3. Male Hosts
In some Asian sub-cultures there is a group of young men wearing expensive suits, sporting haircuts that would gain much admiration if only it was the 1980s, and drowning themselves in gallons of cologne. Not the expensive kind either. They are gentlemen callers, they answer to mature women who seek the only thing a man can offer.
Older women use the male hosts to accompany them out for an evening of drinks and talking, and maybe some dancing. As far as we can tell, there is no ‘romance’ involved, albeit it’s hard to believe it never happens. These guys are model grade, too-good-for-you pretty boys that can cost a small fortune for the pleasure of their company. Also, it provides an old woman with a powerful weapon; the ability to incite jealousy in every female onlooker by carrying the half-her-age stud on her wrinkled arm. Game on, grandma.
2. The Hedgehog Café
There’s a town in Japan that offers a unique café experience. Here, they offer a wide selection of fair, brown, salt & pepper, albino and other standard hedgehogs. What? You thought we meant coffee and crepes? This café is for those seeking to purchase a hedgehog to have as their very own adorable pet. The prices range from 30,000 to 42,000 Yen and the choices change on a rotating basis.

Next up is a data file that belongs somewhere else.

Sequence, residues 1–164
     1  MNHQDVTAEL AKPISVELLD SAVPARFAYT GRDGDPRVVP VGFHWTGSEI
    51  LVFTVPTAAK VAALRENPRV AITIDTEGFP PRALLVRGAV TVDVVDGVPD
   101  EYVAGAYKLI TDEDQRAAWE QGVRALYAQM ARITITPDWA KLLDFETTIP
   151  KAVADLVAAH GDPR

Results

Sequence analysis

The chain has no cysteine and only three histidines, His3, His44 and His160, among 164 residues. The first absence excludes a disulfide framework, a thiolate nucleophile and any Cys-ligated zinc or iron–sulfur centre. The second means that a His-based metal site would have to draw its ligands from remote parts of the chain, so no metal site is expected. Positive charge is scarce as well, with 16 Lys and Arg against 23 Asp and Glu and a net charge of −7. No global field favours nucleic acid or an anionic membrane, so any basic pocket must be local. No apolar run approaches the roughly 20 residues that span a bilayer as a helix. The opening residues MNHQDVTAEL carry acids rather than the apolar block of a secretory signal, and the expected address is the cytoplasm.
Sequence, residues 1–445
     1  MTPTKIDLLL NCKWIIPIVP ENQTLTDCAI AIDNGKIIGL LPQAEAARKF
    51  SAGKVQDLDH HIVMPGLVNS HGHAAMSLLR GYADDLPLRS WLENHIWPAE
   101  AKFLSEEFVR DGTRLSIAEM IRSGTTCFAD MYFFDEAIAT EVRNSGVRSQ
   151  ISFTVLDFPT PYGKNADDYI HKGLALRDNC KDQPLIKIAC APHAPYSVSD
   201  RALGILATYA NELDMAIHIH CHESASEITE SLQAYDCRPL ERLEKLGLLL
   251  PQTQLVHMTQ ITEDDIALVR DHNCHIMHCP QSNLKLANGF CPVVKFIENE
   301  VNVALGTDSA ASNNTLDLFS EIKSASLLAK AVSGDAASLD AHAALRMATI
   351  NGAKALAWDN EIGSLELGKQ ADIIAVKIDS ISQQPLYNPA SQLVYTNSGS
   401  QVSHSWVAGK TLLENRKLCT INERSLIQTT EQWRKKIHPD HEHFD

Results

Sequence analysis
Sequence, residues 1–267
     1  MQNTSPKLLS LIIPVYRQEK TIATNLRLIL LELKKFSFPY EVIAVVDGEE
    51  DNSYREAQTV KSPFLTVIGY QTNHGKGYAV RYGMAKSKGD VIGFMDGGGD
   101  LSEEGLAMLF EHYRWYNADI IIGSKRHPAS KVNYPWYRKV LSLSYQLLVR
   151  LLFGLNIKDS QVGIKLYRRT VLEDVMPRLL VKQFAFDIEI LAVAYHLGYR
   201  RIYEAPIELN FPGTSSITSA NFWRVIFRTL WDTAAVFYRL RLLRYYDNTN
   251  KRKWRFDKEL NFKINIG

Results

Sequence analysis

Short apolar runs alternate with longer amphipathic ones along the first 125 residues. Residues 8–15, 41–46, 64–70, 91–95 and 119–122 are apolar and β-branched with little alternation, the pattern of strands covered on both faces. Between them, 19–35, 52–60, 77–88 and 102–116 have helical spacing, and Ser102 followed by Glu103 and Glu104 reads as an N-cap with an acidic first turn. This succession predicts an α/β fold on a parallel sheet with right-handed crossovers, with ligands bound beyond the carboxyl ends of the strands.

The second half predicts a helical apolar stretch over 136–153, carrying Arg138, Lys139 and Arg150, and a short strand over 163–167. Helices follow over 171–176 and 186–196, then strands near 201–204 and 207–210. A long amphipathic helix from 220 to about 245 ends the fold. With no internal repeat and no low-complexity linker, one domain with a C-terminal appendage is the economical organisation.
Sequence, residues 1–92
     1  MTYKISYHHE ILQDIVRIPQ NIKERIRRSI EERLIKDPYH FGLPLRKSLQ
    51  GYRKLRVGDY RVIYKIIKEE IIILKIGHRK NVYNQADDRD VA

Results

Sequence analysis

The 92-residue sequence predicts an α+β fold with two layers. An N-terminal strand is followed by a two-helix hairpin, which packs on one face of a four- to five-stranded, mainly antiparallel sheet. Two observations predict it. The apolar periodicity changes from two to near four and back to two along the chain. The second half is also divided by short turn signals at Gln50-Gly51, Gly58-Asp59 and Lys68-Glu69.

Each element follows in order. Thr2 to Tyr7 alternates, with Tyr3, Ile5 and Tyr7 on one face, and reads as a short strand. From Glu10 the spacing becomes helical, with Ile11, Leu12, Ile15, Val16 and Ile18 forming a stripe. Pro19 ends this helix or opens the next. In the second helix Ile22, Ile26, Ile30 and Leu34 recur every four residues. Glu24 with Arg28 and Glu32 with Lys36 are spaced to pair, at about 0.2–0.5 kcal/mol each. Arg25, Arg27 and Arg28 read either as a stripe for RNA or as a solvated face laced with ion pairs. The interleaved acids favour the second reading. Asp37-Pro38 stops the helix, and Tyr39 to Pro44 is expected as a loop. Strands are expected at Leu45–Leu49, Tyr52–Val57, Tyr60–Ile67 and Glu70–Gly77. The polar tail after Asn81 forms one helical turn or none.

Animal themed cafés are actually commonplace in the country and there are dedicated establishments for a variety of pets from owls to snakes, all where the customer can interact with the designated animal of the location. It’s a unique idea at least. However, ‘pet shop’ might be a better name than café.
1. Matchy-Matchy Couples
Like relationships weren’t constricting enough. In Seoul and other cities in South Korea, they have taken things to a whole new level of commitment. Couples are wearing exact matching outfits, shoes, accessories and even down to the same haircut. Is it love or the longing to be unique in a collectivistic society?
Not only is there the matching outfits, there are couple-themed cinemas, cafés, bars and other establishments tailored specifically for the ‘matchy-matchy’ couples. One almost wonders what happens if the couple goes ‘splity-splity’, do they buy all new clothes or does one of them get the others’ half? No thanks, there’s enough trouble with the standard operating procedures of normal relationships.